Privatization is more controversial but it should be obvious both in theory and from the current practice that privatization has reduced corruption. "Privatization can reduce corruption by removing certain assets from state control and converting discretionary official actions into private, market-driven choices." Even if the process of privatization inevitably is fraught with corrupt opportunities, they are not continuous processes. The alternative to full privatization is some kind of leasing, which seems highly corrupt all over. In Kyrgyzstan, it would be preferable that the local authorities sell off land reserves rather than leasing it to peasants at arbitrary prices. Apart from taking state enterprises out of the corrupt hand of government, privatization promotes the intensification of competition.

The measures so far discussed have primarily aimed at taking resources out of the hand of officials (deregulation, reduced taxation and privatization), but to some extent aimed at regularizing government procedures and constraining officials (improved fiscal procedures). However, a government needs to provide many collective services, such as law and order and a regulatory framework, that only the state can offer efficiently. Therefore, it is vital to clean up the government, which is a highly political task.

2. Reform of the State

The possibly most difficult task of the post-communist transition has been to reform the state to alleviate the chronic state failure of communism. An important first choice has been the nature of constitution ? parliamentary or presidential rule. The next task has been to rebuild the state apparatus, which has turned out to be particularly cumbersome. A third task has been civil service reform. Finally, the very mode of operation of the government should preferably change to facilitate a new service mindedness, but the question is how that can be done. Although much was actually attempted, this was possibly the sphere of the worst flaws in the average transition countries.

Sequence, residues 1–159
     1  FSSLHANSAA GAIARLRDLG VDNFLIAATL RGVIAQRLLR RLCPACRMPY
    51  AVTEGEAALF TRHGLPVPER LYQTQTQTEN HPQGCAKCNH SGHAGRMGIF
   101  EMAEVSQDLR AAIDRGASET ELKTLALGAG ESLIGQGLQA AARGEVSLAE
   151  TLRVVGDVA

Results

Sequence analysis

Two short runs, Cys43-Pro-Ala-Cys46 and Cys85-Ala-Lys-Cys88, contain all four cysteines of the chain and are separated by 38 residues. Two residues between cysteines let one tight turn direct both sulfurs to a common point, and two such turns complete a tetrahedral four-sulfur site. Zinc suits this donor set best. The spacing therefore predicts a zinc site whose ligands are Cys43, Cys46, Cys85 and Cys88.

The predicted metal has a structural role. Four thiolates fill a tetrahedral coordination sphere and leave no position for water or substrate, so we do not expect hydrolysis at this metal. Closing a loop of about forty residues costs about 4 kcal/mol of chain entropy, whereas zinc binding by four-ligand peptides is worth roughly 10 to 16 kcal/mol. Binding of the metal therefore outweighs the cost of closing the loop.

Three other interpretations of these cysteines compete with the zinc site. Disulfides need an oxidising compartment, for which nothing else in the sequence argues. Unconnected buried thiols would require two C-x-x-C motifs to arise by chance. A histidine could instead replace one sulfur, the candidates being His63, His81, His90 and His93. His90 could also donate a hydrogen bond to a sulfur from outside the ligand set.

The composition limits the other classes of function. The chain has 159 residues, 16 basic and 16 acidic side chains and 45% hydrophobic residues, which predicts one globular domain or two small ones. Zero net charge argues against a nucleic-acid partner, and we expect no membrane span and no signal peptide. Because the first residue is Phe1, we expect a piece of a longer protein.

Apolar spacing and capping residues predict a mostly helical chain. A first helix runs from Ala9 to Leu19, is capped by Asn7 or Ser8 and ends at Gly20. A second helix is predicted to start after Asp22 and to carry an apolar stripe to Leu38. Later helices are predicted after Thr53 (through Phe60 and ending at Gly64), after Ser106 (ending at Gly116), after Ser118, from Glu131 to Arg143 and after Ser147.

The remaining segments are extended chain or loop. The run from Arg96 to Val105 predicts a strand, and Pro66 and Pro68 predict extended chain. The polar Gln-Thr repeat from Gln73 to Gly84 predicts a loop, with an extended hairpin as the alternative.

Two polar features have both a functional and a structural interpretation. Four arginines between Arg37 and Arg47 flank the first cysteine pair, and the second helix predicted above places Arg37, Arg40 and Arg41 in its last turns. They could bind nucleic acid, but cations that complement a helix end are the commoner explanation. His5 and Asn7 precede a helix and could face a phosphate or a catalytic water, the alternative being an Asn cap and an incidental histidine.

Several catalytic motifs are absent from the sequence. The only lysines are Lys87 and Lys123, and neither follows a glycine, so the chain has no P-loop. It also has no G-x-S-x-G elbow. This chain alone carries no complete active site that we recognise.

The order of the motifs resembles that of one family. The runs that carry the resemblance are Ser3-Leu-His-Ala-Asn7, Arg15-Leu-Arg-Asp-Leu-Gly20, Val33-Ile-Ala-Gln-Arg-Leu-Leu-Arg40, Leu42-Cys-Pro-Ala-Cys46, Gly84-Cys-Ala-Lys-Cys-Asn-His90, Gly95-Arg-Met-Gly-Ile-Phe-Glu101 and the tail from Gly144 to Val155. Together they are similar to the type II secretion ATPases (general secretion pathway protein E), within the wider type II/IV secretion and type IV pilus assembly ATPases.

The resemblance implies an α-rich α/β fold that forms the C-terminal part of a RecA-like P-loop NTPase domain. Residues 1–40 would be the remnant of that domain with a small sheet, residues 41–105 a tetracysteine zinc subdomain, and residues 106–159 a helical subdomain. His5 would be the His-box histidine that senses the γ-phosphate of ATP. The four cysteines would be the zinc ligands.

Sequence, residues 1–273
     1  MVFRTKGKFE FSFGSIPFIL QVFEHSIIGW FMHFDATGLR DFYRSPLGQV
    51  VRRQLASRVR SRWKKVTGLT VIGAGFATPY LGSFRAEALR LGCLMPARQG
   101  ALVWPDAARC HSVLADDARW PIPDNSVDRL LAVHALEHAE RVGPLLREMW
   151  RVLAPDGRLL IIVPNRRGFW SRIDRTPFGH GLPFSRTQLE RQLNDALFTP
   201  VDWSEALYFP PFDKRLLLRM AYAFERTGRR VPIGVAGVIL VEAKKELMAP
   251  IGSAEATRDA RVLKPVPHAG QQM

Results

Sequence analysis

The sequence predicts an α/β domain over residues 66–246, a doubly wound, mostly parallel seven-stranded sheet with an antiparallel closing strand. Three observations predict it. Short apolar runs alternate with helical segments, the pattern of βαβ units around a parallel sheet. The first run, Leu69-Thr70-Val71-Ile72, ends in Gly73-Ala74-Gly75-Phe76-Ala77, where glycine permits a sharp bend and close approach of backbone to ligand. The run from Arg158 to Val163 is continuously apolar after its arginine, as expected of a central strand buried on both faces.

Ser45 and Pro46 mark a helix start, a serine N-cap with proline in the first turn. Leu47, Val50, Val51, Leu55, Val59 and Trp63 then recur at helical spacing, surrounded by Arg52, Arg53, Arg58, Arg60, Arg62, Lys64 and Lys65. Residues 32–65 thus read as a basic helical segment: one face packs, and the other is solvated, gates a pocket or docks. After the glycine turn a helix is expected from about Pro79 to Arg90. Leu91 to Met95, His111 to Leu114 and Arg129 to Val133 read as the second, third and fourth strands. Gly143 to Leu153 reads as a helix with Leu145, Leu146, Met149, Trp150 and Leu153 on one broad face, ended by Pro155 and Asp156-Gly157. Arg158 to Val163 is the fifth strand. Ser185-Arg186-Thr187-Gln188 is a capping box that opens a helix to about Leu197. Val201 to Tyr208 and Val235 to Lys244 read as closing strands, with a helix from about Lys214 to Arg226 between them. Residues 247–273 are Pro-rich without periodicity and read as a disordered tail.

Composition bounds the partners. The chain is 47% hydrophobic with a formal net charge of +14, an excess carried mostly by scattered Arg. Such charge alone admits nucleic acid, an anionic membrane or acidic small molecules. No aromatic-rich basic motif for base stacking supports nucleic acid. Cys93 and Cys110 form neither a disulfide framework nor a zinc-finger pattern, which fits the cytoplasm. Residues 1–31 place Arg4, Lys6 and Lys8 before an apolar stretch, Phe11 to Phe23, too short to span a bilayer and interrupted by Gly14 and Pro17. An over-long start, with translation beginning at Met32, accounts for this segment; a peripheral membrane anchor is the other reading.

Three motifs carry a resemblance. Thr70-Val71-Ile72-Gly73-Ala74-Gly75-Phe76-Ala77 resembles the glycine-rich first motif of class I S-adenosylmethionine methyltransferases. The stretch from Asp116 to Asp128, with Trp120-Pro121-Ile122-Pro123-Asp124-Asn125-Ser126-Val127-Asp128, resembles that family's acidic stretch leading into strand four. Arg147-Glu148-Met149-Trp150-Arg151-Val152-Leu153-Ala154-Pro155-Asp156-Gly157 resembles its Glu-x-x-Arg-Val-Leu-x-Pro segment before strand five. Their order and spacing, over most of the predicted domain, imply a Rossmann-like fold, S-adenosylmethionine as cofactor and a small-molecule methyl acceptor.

a. Parliamentary System or Presidential Rule

The fundamental problem of the communist states was that they were not full-fledged states in their own right. The state apparatus had existed and it was formally a self-contained mechanism as any Western state, but in reality it was only a subordinate appendix to the real state, the Communist Party, which was not legally included in the state until the late 1970s, when most communist countries adopted constitutions which just mentioned the leading role of the Communist Party. The Communist Party stood above the law, being allowed to intervene however it found convenient, and it was never accountable.

The former communist countries were left with a contradictory constitutional inheritance, with both their communist practice and their written constitutions never meant to be applied. Now these bogus constitutions assumed a life of their own, while most countries also tried to draw on pre-communist national history. To a surprising extent, constitutions and politics were seen as national prerogatives, for which international experience was not very relevant. Therefore, the impact of Western models was much more limited than in the economic sphere, albeit Western advice played a greater role in the western part of the region.

The main conflict concerned the division of power between the President, the Council of Ministers and Parliament. While the struggle between the President and Parliament have been the most dramatic, the government often played an important role in policy making. These strifes were further aggravated because the principle of the division of power, which had prevailed in the rest of the world since the late 18th century thanks to Montesquieu [1748], had never been accepted by the communists, since it circumscribed the complete power of the Communist Party, and the public understanding of the benefit of such a principle was strangely absent. Nor did any independent judiciary exist. In the old Soviet-type legal system, the prosecutor was superior to the judge, and defense counsels were rarely welcome. These conflicts were the worst in the CIS, with some democracy ? Belarus, Ukraine, Moldova, Russia, Kazakhstan, Kyrgyzstan, Georgia and Armenia, while the EU accession countries tended to adopt European standards gradually.